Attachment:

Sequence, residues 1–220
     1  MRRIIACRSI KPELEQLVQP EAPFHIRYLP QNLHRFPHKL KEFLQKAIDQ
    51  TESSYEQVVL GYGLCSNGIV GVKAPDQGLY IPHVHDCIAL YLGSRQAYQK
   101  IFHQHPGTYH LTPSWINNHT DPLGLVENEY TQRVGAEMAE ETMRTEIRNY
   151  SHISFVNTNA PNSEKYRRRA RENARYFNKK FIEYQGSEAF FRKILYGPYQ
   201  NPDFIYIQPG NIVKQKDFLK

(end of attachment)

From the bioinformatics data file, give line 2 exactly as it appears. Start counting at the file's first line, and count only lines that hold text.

     1  MRRIIACRSI KPELEQLVQP EAPFHIRYLP QNLHRFPHKL KEFLQKAIDQ